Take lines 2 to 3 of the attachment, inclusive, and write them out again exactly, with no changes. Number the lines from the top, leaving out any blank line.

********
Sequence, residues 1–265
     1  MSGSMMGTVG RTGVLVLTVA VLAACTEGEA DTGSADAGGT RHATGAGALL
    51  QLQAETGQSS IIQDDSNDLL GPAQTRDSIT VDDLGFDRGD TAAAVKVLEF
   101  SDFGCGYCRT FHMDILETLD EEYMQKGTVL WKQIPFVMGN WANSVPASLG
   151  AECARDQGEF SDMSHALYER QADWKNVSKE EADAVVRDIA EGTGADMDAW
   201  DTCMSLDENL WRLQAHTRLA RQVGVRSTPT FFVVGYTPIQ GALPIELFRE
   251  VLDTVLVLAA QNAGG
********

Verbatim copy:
     1  MSGSMMGTVG RTGVLVLTVA VLAACTEGEA DTGSADAGGT RHATGAGALL
    51  QLQAETGQSS IIQDDSNDLL GPAQTRDSIT VDDLGFDRGD TAAAVKVLEF